I really like the first couple of albums by The Cars.  As they went on I think they were always good for a hit single that I wouldn't hate on the Top 40 station when I came across it, but the first two albums, the self titled one and Candy-O are easily my favorites and the only two I’ll probably ever own.  Maybe it’s because they came out when I was in high school and the others came out when I was out of school and music had become much less of a communal activity for me.  Or, it could be that I just like the first two albums and The Cars had kind of a sameness to their sound and I got bored with them after that.

The summer Candy-O came out I had a job at a restaurant called Casey’s.  Casey’s was an old style place.  You could get breakfast any time, and you could get dinner any time.  You could get beer and liquor any time, too.  We had a little bar off the dining room and it was real dark, but the waitresses could get you a drink if you were in the dining room even if it was 5:30 AM when we opened.  I never worked that early, I worked the end of breakfast rush and then lunch and after lunch I cooked all of Mrs. Casey’s daily specials like meat loaf, stuffed cabbage and I got to make all the soups, too.  Lunch there was pretty quiet and the waitress and I were often the only two people there (but the manager was an ex-cop and showed up to check on us all the time).  I remember I was 17 and we ran out of beer in the keg and they told three guys from Ford they’d have to drink bottles for lunch.  I told the manager I could swap a keg in two minutes or less and he (being an ex-cop) was skeptical, but I did it and the Ford guys were happy and tipped the waitress really well, and even started getting food to go after that.  So when I showed up, I was a pretty decent teenage cook to have around.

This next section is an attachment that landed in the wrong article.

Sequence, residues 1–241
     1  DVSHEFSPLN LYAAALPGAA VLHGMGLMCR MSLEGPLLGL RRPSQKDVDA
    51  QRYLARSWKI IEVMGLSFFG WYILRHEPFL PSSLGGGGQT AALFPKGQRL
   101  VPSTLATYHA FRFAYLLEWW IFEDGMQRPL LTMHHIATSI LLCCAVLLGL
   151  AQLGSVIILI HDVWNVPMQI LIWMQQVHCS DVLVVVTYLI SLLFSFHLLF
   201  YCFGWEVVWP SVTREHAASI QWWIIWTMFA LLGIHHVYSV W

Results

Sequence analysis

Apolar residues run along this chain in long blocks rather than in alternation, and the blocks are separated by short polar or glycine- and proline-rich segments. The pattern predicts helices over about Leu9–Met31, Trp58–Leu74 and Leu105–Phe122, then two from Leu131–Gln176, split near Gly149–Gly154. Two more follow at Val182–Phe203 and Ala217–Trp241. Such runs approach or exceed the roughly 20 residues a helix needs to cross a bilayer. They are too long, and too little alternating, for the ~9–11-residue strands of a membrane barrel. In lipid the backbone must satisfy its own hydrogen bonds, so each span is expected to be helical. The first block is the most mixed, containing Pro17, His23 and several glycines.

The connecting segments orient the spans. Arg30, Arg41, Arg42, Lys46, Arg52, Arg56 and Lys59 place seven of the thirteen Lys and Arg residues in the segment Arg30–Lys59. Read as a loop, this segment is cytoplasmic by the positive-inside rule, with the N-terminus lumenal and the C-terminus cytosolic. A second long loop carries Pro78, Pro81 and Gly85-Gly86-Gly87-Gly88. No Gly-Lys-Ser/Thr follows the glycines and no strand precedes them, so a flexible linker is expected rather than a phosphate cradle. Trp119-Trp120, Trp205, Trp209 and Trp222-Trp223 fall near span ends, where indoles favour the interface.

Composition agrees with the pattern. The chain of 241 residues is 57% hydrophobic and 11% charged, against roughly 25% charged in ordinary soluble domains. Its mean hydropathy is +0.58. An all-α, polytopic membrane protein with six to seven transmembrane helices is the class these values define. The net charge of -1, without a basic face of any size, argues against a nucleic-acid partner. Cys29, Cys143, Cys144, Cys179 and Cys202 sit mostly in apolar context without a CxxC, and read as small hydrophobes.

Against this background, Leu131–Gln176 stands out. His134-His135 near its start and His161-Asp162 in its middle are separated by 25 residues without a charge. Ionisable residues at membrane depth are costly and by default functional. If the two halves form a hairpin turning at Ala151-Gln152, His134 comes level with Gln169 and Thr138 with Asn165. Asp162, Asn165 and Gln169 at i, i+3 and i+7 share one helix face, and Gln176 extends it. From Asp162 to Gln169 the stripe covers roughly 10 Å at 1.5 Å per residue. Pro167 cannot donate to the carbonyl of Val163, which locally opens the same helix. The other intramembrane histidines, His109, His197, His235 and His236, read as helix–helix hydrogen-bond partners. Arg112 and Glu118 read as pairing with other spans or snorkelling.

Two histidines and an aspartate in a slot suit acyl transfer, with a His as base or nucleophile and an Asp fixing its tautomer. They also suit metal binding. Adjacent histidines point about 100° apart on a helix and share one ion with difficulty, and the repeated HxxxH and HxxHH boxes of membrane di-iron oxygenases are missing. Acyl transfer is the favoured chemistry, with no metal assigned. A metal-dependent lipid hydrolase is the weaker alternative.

My problem was I hardly ever showed up after my parents took the summer off and when to their cottage.  I got to stay home, but to insure I wouldn't have big parties, my little sister’s sitter moved in.  She didn’t care what I did so long as I didn't have a big party (I wasn't that kid anyway), and my friends were absolutely in L-U-V love with her.  She still didn't let me smoke in the house, cuz she didn't smoke.  What’s all this got to do with Candy-O, you’re asking?